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We now move to the parables that are found at Matthew 13. The first of them is the parable of the sower, seeds, and soils. Jesus tells the parable to a crowd that has gathered on the beach while He sits in a boat. In the story He describes a common sight in ancient Galilee–a sower sowing seed. The sower scatters the seed on the ground, and not very carefully. The waste would not be a common sight; seed is valuable. The careless distribution represents a disruption of a common, daily scene in Palestine. It should jolt us into the world of the parable and its extraordinary message.
The first of the seed falls on a path where birds quickly retrieve it. Seed is also scattered on rocky and thorn-infested ground. Finally, seed falls on good soil, producing a bumper crop. After telling the parable, Jesus calls the people to attend to what he says.
The parable itself contains a message that the people don’t seem to understand. We know this; because, Jesus gives a certain answer to the disciples who ask, “Why do you speak to them in parables?” Jesus tells them that the disciple has been given knowledge of the secrets of the kingdom of heaven; but, not all have been given such. It may be perplexing to the reader that Jesus would keep salvation from any one; but, He seems to be doing exactly that. Knowledge of the kingdom is a gift that some have been given and others have not. In the Gospel no explanation is elaborated for this fact.
Matthew then cites words of Jesus not found in Mark and Luke: “For to those who have, more will be given, and they will have abundance; but from those who have nothing, even what they have will be taken away.” (Matthew 13:12 ESV) The parables function to keep some people from knowing the secrets or mysteries of the kingdom of heaven. It is a troubling verse, but is not to be explained away. It is not the fault of Jesus or His message that many do not hear and receive the message. It is the non-receptivity of Christ’s gracious and merciful message that prevents them from participating in the kingdom of heaven.
The same saying about giving and taking away is expressed later in the Gospel in another parable where a man entrusts his servants with money during his absence so that he can acquire greater wealth. Two servants invested their share and increased their master’s wealth. The third servant buried his and made nothing more. The master dispossessed the servant of the one talent and had him thrown into the outer darkness. The master said to the servant, “For to all those who have, more will be given, and they will have abundance, but from those who have nothing, even what they have will be taken away.” (Matthew 25: 29 ESV) This parable is found in the context of judgment at the end of time. We may understand the earlier parable in Matthew 13 as pointing to the judgment where the faithful who represent the good soil bring forth a rich harvest. One could assume that the harvest has to do with both those who accept Jesus’ message and the fruit produced from that acceptance.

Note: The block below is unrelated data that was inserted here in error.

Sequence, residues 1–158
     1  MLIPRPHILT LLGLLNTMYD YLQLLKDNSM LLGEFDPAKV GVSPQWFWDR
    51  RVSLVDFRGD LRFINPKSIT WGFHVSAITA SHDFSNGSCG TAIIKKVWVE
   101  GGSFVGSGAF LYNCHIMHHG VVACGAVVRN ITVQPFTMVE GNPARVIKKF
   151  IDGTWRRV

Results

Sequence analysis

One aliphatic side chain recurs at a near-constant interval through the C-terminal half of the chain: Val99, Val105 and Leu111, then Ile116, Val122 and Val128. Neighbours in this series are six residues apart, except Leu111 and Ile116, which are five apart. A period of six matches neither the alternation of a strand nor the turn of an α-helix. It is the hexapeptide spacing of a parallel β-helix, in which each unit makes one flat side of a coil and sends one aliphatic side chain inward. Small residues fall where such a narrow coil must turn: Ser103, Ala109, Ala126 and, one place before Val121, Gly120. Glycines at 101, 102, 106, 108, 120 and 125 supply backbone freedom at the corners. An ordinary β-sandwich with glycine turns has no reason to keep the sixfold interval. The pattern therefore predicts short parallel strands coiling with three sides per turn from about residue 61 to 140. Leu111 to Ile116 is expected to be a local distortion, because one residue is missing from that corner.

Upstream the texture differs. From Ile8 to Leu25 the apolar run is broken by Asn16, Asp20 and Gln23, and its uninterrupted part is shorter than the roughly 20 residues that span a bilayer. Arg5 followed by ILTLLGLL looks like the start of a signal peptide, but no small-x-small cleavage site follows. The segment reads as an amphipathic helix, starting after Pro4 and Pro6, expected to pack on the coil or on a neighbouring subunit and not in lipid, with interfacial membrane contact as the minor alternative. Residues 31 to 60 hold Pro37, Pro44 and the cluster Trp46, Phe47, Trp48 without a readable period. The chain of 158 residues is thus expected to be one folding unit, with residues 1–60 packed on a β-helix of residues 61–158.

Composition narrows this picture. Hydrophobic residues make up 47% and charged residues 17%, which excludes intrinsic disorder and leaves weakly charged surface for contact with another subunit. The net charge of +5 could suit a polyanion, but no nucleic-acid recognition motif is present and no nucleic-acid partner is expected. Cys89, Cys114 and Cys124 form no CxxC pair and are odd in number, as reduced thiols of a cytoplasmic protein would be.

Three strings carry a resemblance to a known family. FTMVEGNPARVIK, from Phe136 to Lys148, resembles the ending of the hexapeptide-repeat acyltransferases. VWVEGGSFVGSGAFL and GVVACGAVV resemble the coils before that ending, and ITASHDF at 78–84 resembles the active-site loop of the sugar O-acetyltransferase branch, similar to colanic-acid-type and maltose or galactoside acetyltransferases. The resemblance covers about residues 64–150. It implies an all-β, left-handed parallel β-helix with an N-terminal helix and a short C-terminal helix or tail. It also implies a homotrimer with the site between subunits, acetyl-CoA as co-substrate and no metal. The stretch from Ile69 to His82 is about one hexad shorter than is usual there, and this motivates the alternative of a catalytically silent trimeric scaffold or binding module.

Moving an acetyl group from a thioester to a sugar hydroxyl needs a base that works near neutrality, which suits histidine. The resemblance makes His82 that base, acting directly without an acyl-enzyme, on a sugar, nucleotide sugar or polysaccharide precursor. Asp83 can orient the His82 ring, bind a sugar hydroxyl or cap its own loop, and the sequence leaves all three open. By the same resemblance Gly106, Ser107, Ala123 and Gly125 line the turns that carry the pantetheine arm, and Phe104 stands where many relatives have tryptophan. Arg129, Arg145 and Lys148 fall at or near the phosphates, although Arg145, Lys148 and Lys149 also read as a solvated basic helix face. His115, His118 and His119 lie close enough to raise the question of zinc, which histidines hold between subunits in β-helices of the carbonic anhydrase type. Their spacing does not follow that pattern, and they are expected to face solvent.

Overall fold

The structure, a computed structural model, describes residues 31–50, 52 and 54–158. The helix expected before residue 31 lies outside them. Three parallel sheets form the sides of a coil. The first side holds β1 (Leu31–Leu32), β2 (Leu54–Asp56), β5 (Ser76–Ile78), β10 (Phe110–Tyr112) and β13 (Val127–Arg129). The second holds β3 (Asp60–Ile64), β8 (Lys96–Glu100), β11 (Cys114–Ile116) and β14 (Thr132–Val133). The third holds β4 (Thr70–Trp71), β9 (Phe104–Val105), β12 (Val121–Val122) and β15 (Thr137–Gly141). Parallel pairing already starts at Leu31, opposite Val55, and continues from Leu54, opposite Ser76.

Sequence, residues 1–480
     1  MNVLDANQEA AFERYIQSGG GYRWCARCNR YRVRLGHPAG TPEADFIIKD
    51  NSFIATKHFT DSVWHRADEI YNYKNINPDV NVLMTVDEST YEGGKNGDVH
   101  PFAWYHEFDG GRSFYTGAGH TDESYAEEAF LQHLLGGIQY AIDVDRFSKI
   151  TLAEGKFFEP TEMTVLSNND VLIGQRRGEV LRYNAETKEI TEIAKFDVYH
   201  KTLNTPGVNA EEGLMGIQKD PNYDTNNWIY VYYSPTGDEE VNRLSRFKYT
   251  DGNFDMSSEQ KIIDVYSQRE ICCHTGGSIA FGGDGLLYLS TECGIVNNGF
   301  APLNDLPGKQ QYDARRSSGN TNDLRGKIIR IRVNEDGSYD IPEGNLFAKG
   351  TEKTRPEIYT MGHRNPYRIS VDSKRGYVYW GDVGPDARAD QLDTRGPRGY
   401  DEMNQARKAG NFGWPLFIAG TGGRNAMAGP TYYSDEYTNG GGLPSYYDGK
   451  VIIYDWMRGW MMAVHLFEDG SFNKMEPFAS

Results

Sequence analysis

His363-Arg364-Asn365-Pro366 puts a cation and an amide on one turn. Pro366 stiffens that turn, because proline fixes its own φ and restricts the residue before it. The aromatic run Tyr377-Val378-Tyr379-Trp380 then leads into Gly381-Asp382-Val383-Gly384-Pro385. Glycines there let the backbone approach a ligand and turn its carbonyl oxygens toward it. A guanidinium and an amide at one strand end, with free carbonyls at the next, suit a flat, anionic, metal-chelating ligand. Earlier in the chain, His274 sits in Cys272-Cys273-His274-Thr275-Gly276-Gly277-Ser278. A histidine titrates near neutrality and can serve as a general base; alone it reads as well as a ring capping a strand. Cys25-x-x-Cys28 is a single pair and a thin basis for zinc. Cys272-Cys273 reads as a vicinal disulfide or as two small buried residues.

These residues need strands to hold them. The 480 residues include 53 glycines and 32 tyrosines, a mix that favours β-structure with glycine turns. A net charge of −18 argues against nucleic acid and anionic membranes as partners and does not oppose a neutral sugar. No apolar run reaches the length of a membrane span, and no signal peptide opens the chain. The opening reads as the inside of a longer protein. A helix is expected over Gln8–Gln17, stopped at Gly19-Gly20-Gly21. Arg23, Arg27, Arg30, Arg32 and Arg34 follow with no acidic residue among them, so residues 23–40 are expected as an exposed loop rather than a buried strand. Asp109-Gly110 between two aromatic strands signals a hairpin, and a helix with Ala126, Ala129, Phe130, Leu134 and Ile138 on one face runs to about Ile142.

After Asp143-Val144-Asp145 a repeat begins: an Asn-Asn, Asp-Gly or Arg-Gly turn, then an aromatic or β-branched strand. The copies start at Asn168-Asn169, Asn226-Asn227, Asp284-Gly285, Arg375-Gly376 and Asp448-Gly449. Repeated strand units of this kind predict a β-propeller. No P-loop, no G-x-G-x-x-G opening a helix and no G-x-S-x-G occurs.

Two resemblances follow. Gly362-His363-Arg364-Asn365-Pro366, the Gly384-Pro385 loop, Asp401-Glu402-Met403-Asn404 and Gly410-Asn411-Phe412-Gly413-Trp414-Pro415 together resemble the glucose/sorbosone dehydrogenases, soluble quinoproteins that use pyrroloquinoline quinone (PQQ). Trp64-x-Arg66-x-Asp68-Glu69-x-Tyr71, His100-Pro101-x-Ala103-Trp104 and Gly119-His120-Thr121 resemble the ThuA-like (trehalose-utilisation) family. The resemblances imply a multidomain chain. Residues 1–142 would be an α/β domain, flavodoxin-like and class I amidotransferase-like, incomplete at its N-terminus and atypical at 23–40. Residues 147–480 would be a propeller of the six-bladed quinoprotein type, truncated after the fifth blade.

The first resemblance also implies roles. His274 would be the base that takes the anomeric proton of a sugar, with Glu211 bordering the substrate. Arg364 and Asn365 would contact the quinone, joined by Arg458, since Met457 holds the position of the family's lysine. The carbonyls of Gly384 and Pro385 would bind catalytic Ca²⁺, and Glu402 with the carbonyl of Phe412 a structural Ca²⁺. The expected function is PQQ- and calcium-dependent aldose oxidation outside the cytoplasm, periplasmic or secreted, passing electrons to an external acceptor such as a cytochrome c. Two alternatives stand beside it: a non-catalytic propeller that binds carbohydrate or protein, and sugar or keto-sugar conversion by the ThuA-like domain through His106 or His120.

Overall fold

Matthew uses the word, fruit, more often than Mark and Luke. John the Baptist calls people to bear good fruit in light of the prospect of the judgment of God. Those trees that do not bear good fruit are thrown into the fire. In The Sermon on the Mount, Jesus contrasts the tree that bears good fruit with the tree that bears bad fruit. The disciple who bears good fruit does the will of the Father in heaven. Those that do not bear good fruit are thrown into the fire. The theme of bearing fruit is found in the context of judgment.
Responsibility for not understanding the parables is placed in the laps of the people. It is the people who have dull hearts; they neither see not hear. To those who hear, understanding comes as a gift from God. Despite all of the wasted seed, the harvest is superabundant. Our proclamation will have a great effect, even if the actual numbers are modest. Christ’s message always has very productive results.
Michael G. Tavella
January 29, 2024